The History of Campaign Web Sites

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'96 and '98 Elections

In 1994, when the use of the Internet was still in its infancy, only a few candidates for any type of office created Web sites. In 1995, though, the "great digital phase shift" (Raney, 1998) 1 occurred and for the first time "personal computers outsold television sets, the number of e-mail messages surpassed surface mail messages, and data traffic over telephone networks . . . exceeded voice traffic" (Raney, 1998). 2. The president of Town Hall, a self-described conservative shopping mall, declared "television and radio are the old war. The new war is the battle for minds on the Internet" (Katz, 1998). 3 Political consultant Phil Noble stated that 1998 "will be the last election year of the old media age and the first year of the new media, or digital, age" (Johnson, 1999). 4

1996

Click for full screen image In 1996, all the major candidates' campaigns for the presidency created their own Web pages. These sites contained candidates' speeches, position papers, pleas for campaign contributions and volunteers, and in some cases audio and video clips. The Republican National Committee reported that 8,000 people signed the site's guest book in the first few months of the sites' existence. Additionally, Bob Dole's Web site received more than 3 million hits during the first six months of operation and more than 10,000 people joined the campaign e-mail list, and 1,700 registered to vote (Johnson, 1999). 5 Bill Clinton and Al Gore boasted that their site received more than 1 million hits in the first 10 days. 6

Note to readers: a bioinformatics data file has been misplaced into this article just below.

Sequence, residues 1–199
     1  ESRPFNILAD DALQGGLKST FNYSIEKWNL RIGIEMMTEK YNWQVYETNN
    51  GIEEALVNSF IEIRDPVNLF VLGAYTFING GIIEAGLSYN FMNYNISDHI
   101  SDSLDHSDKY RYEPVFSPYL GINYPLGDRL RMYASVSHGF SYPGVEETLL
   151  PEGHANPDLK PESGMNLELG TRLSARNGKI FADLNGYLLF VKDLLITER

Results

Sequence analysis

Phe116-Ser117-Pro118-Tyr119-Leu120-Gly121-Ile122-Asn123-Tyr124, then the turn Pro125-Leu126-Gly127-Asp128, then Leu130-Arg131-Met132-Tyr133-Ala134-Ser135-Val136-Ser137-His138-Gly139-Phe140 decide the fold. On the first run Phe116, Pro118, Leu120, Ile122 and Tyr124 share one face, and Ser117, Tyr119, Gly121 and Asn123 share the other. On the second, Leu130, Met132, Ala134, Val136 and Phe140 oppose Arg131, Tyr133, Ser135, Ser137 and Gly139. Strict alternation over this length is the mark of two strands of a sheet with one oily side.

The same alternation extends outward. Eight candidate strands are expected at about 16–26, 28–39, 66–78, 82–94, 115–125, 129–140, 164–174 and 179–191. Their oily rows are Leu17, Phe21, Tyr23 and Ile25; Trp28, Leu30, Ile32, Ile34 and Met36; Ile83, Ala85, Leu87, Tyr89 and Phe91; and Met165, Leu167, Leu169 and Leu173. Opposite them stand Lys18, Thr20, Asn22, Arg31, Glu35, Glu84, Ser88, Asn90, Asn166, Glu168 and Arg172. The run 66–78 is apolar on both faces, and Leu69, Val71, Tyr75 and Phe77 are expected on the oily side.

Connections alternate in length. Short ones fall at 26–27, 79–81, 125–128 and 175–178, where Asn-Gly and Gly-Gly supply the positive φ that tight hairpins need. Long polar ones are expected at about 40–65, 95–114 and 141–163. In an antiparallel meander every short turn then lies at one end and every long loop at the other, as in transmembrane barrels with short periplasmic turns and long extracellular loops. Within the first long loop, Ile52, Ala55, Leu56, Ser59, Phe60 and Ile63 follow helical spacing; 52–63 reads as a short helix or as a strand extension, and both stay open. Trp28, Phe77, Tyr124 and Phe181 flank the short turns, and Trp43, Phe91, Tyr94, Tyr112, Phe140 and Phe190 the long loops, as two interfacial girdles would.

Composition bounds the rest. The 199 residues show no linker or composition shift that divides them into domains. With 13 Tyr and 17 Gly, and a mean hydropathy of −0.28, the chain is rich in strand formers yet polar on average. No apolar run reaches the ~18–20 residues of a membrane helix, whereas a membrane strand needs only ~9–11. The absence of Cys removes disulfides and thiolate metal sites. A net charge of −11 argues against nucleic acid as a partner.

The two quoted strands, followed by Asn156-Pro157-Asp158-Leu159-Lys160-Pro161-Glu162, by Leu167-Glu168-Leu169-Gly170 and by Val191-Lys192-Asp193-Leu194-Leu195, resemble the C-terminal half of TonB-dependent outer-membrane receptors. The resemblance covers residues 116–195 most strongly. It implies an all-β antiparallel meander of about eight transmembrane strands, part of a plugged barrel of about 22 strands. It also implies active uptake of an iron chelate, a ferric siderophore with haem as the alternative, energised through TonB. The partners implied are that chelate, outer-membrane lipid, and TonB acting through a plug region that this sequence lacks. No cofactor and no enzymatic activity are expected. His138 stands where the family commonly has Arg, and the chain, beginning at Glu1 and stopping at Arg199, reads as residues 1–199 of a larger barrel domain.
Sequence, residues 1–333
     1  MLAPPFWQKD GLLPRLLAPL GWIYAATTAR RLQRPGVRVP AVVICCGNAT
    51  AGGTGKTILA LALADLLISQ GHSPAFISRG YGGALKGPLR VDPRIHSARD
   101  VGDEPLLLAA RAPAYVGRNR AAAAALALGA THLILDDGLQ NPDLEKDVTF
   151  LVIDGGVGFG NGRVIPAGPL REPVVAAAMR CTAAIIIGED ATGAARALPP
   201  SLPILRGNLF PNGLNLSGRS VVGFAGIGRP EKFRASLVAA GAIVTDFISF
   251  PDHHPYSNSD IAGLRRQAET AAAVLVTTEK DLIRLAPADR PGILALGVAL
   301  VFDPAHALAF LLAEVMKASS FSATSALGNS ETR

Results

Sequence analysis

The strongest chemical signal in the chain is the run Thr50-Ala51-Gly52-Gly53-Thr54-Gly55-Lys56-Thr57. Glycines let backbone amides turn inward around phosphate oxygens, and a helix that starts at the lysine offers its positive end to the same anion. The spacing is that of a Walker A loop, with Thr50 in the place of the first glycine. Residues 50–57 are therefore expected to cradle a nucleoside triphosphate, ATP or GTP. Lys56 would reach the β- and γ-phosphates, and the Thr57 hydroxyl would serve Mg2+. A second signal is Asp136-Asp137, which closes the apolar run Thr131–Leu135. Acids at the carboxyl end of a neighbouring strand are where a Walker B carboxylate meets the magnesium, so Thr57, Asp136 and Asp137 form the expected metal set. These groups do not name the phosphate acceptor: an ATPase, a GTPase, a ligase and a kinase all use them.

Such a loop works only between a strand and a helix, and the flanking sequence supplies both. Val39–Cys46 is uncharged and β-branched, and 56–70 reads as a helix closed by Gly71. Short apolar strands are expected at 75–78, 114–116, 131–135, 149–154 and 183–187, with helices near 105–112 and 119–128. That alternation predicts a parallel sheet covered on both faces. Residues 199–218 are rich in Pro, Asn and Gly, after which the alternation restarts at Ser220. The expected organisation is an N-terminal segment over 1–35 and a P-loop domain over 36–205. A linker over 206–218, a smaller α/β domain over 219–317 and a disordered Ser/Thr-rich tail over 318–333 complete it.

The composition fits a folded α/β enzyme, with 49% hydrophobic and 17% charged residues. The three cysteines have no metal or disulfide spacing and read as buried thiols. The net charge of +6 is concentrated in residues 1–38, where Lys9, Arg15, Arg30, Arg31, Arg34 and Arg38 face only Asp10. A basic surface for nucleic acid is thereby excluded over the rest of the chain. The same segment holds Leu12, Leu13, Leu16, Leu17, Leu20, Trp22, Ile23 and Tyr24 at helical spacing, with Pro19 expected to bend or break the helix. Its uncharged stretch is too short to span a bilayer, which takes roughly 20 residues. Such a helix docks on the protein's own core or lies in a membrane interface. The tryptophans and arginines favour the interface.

1998

By 1998, there were hundreds of campaign Web sites. Approximately five months before the November elections, Political Resources Directory, a reference publication for campaigns and the election industry, listed 125 campaign Web sites for Senate or Congress; 98 for governor, state legislator, or other state office; and 29 for local offices. More than 80 percent of California political candidates had Web sites (Johnson, 1999). 7

While it is obvious that political campaigns had accepted, and were interested in, the new Internet medium, it should be noted that the public were not as interested in campaign Web sites. In the 1996 election cycle, only 6 percent of all voters had visited a politically oriented Web site. Less than two years later, the number of people accessing the Internet "skyrocketed"; more than one-third of all Americans were accessing the Internet from home and their places of employment. Despite the increase, those who go online are much more interested in information about their hobbies, movies, health, science, finances, weather, and entertainment. They were not interested in politics or politicians' "brochures in the sky" (Johnson, R.J., 1999). 8

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Created On November 29, 2001
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